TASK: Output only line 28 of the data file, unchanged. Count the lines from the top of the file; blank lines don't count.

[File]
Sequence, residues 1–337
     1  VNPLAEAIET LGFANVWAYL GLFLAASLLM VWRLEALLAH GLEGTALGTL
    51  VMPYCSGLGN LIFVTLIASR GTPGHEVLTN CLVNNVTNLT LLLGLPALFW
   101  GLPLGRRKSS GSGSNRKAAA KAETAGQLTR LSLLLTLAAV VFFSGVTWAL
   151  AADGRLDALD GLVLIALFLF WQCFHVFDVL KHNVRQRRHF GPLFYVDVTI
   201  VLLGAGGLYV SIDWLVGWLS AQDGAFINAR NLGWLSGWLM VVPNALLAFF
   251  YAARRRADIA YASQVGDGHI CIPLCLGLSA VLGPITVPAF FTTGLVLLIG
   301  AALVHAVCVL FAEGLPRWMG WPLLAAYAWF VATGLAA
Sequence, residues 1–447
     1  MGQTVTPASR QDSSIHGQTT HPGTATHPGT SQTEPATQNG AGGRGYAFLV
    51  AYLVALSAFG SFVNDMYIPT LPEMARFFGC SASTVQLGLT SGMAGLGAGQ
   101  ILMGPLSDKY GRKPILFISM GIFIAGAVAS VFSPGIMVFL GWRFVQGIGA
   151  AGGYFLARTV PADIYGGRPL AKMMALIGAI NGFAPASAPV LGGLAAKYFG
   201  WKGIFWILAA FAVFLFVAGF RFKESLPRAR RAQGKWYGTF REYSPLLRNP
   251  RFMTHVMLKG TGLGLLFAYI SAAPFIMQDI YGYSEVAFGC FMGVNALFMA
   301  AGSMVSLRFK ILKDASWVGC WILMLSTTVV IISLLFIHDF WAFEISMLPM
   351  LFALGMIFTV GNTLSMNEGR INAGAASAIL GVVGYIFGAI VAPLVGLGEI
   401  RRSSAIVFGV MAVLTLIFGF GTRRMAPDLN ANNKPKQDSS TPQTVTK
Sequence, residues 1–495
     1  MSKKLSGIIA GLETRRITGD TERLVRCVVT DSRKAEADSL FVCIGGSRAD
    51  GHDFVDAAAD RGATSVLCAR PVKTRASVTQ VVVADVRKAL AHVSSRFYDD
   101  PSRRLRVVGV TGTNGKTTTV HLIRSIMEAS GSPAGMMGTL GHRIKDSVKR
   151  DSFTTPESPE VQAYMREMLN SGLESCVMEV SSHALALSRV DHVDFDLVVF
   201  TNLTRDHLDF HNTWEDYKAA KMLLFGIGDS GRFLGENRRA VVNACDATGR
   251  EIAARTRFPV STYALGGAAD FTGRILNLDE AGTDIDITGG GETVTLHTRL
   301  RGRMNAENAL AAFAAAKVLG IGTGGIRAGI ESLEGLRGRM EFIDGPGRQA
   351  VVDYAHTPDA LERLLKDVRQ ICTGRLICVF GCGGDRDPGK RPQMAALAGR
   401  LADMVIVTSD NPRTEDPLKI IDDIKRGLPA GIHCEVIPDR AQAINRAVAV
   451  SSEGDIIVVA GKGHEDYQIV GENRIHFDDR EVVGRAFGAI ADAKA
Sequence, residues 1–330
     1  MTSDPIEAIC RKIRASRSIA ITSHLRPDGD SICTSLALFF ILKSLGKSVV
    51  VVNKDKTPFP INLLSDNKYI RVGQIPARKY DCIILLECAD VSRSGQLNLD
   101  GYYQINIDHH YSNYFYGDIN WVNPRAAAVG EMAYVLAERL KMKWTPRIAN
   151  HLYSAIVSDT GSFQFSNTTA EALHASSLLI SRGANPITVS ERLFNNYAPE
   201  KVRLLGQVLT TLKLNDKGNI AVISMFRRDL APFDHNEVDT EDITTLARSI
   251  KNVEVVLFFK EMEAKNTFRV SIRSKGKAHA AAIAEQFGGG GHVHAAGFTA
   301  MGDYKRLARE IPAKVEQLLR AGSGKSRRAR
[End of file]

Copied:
   401  LADMVIVTSD NPRTEDPLKI IDDIKRGLPA GIHCEVIPDR AQAINRAVAV